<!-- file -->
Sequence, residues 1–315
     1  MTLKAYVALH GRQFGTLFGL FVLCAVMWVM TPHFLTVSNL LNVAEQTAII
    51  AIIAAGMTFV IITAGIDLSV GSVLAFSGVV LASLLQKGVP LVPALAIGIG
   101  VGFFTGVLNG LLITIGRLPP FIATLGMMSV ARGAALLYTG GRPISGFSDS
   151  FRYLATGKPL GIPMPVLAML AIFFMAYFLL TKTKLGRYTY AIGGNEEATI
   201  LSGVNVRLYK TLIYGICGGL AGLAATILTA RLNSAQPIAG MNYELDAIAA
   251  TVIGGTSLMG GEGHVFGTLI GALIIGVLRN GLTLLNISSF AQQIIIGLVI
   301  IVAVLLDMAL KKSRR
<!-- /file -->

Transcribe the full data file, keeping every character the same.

Sequence, residues 1–315
     1  MTLKAYVALH GRQFGTLFGL FVLCAVMWVM TPHFLTVSNL LNVAEQTAII
    51  AIIAAGMTFV IITAGIDLSV GSVLAFSGVV LASLLQKGVP LVPALAIGIG
   101  VGFFTGVLNG LLITIGRLPP FIATLGMMSV ARGAALLYTG GRPISGFSDS
   151  FRYLATGKPL GIPMPVLAML AIFFMAYFLL TKTKLGRYTY AIGGNEEATI
   201  LSGVNVRLYK TLIYGICGGL AGLAATILTA RLNSAQPIAG MNYELDAIAA
   251  TVIGGTSLMG GEGHVFGTLI GALIIGVLRN GLTLLNISSF AQQIIIGLVI
   301  IVAVLLDMAL KKSRR